Martial arts align with research in coaching kids through bullying

Special Reports

Looking into class at Triangle Academy Jiu-Jitsu, in Franklin, you’re given a window into Clay Mayfield’s vision. Part of it is empowerment.  

“Can you show us how you introduce yourself to someone,” asks Mayfield, before a class of a dozen students.   

It’s about building confidence while teaching children a martial art. Mayfield is a Jiu-Jitsu instructor with 10 years of experience.  

“He makes sure all the kids know each other, and asks them questions and involves everybody,” Lisa Huntzinger says, her son and daughter are students.   

Inside, with moms and dads watching, kids ages five to nine learn Jiu Jitsu. They fight, grapple and pin each other. As it happens, there’s also an underlying message of ‘bully safe’ education.  

“The most important thing that’s happening in the classes is that the children are becoming more confident and capable people,” Mayfield says.   

It’s those critical steps, that form the right recipe. A strategy to tackle bullying.   

“You can’t tell a child to stand up tall and look someone in the eyes when they’re scared to death of what might happen if they stand up to someone,” says Mayfield.   

 What he teaches is right in line with what professionals preach.  

“It’s a wonderful foundation for resiliency,” explains April McFarland.   

Mcfarland is one of them. She’s a school counselor with years of experience helping parents coach their kids, and themselves. She says the work must start before the bully.   

“It’s instilling in them, positive social relationships,” says McFarland.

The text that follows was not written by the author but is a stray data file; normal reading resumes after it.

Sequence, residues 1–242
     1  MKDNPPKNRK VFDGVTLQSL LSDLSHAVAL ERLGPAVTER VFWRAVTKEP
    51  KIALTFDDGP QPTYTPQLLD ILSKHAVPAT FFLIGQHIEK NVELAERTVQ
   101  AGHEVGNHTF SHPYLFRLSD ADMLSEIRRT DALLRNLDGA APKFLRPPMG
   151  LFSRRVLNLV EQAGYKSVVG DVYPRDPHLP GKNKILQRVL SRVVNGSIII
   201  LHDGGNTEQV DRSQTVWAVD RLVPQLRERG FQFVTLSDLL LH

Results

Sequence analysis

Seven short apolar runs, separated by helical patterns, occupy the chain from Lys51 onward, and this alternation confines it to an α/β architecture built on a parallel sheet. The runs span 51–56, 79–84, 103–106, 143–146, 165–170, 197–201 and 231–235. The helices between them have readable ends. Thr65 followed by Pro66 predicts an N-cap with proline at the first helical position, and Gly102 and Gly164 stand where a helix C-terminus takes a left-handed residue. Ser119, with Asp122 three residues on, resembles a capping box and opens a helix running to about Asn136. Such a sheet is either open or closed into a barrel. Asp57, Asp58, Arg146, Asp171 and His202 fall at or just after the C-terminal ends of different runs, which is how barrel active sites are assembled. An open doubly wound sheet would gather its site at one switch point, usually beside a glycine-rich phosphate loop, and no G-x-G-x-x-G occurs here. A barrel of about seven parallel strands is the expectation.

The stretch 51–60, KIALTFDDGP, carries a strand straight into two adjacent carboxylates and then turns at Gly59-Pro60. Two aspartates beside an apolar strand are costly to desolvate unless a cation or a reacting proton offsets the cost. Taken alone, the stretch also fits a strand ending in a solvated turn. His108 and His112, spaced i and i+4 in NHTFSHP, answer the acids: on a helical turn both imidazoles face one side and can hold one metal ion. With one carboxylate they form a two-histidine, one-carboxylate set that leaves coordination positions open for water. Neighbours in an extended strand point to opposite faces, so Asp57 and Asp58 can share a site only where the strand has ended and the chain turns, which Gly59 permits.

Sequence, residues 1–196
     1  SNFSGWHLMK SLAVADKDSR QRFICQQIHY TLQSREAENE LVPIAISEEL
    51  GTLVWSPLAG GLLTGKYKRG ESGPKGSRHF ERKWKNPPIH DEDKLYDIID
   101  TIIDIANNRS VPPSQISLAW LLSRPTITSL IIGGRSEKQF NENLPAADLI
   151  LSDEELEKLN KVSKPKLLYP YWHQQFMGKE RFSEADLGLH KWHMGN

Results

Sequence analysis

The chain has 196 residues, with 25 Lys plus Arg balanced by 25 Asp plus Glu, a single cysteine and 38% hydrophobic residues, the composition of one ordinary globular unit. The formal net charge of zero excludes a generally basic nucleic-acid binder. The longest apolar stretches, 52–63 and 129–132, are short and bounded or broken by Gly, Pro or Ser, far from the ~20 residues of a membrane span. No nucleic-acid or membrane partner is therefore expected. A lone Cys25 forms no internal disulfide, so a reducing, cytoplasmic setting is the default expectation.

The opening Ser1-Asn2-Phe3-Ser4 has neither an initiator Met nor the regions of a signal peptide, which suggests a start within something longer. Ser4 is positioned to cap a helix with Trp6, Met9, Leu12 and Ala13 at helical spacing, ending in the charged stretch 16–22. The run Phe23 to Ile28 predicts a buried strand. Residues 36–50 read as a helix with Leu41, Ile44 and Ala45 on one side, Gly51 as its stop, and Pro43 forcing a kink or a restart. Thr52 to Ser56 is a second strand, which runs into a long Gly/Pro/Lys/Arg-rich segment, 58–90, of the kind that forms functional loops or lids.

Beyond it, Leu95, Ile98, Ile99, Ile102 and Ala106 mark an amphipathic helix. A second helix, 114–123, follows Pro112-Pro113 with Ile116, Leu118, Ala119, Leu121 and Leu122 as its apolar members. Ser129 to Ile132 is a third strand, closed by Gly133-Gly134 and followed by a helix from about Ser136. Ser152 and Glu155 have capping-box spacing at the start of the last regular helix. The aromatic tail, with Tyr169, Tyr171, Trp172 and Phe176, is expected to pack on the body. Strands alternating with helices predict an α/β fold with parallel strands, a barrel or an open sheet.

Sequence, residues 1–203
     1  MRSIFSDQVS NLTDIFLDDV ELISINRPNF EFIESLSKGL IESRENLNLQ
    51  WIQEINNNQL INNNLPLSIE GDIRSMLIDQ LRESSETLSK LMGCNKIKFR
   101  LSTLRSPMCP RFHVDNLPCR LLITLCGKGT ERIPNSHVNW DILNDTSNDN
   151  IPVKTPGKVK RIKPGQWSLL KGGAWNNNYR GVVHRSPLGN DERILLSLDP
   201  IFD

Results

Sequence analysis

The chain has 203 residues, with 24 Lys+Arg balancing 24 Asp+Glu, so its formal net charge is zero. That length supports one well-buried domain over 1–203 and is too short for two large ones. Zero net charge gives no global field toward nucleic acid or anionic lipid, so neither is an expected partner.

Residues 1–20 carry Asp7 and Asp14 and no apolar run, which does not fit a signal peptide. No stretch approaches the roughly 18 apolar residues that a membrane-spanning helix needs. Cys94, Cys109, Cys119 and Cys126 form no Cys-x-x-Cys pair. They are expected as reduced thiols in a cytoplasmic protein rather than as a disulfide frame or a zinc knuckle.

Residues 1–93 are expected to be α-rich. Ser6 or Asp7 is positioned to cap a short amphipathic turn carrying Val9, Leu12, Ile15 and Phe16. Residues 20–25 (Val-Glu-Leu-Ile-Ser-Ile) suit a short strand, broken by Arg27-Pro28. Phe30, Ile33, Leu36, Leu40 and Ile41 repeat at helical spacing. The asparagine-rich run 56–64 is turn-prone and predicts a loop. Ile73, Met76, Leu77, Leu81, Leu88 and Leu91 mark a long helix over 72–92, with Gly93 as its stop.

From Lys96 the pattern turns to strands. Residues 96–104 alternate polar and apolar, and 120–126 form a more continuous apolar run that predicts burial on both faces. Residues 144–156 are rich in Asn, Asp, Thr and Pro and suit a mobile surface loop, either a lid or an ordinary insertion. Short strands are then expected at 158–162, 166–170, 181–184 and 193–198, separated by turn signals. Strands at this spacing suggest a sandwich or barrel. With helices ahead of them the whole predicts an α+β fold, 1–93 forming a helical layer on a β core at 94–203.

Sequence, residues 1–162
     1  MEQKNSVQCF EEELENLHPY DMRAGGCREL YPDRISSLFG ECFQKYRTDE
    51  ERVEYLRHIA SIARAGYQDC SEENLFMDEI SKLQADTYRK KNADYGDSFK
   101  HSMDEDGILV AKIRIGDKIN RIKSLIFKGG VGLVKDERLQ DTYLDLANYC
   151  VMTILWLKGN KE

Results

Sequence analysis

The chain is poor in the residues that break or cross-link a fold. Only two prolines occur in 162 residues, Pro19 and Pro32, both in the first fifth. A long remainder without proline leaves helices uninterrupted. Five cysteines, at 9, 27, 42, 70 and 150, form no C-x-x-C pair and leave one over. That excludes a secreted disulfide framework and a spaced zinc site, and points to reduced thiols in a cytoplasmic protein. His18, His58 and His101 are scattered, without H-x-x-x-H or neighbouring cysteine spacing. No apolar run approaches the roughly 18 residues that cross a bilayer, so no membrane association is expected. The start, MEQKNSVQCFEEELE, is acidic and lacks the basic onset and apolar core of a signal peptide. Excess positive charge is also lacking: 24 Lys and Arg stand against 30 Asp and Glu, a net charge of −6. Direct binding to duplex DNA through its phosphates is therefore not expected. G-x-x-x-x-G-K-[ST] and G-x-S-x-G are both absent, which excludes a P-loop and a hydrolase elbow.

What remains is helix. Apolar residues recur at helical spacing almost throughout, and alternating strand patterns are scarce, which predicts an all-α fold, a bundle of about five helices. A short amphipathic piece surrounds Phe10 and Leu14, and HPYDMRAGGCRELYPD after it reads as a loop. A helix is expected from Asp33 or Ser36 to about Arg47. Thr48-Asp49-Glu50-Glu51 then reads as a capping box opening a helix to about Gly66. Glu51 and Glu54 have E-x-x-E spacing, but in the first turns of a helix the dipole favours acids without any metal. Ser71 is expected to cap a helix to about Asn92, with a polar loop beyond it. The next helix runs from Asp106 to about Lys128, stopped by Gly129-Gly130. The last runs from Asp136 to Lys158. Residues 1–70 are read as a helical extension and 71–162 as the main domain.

Each child has to be built up before a bully can break them down.  

“That’s what most of the strategy should focus on, is empowering the victim to be resilient,” McFarland says.   

Bullying is radically complex.  The evolution of cyber-bullying is a huge reason for that. But an emotionally adaptable child with self-confidence can better face any abuse or insult.    

“So that when they do hear those things, they know that’s not their identity,” says McFarland. “They have identity in something else that’s positive.”  

Activities in art or music, possibly sports or faith, are good ways a child can build an identity. If your child comes to an adult, the parent must hear them out.  

Encouraging kindness toward a bully or avoiding them altogether are important tools. If none of that works, Mcfarland says, kill them with silence. Ignore the bully in hopes of removing their ammunition.  

At Triangle Academy, Mayfield’s students learn teamwork and compassion in an educational and fun setting, free from judgment. It’s designed to make them surer of themselves, less vulnerable and resilient.   

“They have confidence and tools to safely handle the situation without getting beaten up, and without hurting someone else,” Mayfield says.  

For additional information on Triangle Academy Jiu Jitsu, visit: trianglefranklin.com or call 615-870-4430.   

For information on bullying prevention, and how to build resilience in children, visit: https://stopbullying.gov or click here

Copyright 2019 Nexstar Broadcasting, Inc. All rights reserved. This material may not be published, broadcast, rewritten, or redistributed.

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